What have you always wondered about the economy? Tell Us

‘Dark Knight Rises’ hits economic inequality theme

Mark Garrison Jul 18, 2012
HTML EMBED:
COPY

‘Dark Knight Rises’ hits economic inequality theme

Mark Garrison Jul 18, 2012
HTML EMBED:
COPY

Kai Ryssdal: If you’re among the fantasy faithful who’re gonna go see the new Batman movie, “The Dark Knight Rises,” when it opens this weekend, you could go about it two ways. You could just enjoy it as a darkly entertaining superhero movie. Or you can give some thought to the deeper themes.

We, naturally, are intrigued by the economic subtext. Because Bruce Wayne is, after all, a 1-percenter.

Marketplace’s Mark Garrison has this spoiler-free story.


Mark Garrison: The movie is loaded with the mandatory explosions, fights, Batman biceps, Catwoman curves. But Wall Street Journal film critic Joe Morgenstern says an economic inequality theme is there too, right from the outset.

Joe Morgenstern: It’s the one powerful speech in the film, Anne Hathaway as Catwoman, or Selina Kyle, whispering into Bruce Wayne’s ear.

Anne Hathaway in “The Dark Knight Rises”: There’s a storm coming, Mr. Wayne. You and your friends better batten down the hatches ‘cause when it hits, you’re all gonna wonder how you ever thought you could live so large and leave so little for the rest of us.

There’s also the attack on Gotham’s stock exchange by the villain Bane and his thugs. Pundits are musing about the movie’s point of view. But finding the film’s politics isn’t easy, Morgenstern says.

Morgenstern: The movie is a Rorschach test. It’s so expert in handling the themes that are in the air and in the culture without committing to any program about them.

The last Batman film pulled off a similar trick, handling post-9/11 themes of wiretapping and torture. Hollywood Reporter staff editor Jordan Zakarin says people on the right and left will see the Batman they want.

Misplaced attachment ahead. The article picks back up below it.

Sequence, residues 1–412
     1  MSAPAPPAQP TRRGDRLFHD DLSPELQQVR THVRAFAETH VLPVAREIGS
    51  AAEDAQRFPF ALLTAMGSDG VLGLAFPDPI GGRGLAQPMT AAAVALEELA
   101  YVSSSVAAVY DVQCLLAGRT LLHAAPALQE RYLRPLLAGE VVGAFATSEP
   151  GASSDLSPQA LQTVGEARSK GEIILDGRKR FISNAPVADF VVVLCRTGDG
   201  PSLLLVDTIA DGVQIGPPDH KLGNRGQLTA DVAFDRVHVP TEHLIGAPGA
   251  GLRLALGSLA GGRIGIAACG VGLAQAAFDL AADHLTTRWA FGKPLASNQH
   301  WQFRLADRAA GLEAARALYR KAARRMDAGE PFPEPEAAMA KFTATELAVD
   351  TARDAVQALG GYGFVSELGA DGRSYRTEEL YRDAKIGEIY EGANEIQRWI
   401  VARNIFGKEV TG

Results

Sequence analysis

Jordan Zakarin: You can see someone who’s doing extraordinary things to fight terrorism or you look at it as somebody who is a, you know a rich guy who’s very charitable, the sort of big money donor to the Democratic Party if you want to go that far.

Not everyone’s going that far. I talked to the manager of a comic book store a block from Zuccotti Park, birthplace of Occupy Wall Street. He wasn’t thinking about economics. He just hopes this movie’s as awesome as the last. Decide for yourself Friday.

I’m Mark Garrison for Marketplace.

Marketplace is on a mission.

We believe Main Street matters as much as Wall Street, economic news is made relevant and real through human stories, and a touch of humor helps enliven topics you might typically find…well, dull.

Through the signature style that only Marketplace can deliver, we’re on a mission to raise the economic intelligence of the country—but we don’t do it alone. We count on listeners and readers like you to keep this public service free and accessible to all. Will you become a partner in our mission today?

Your donation is critical to the future of public service journalism. Support our work today – for as little as $5 – and help us keep making people smarter.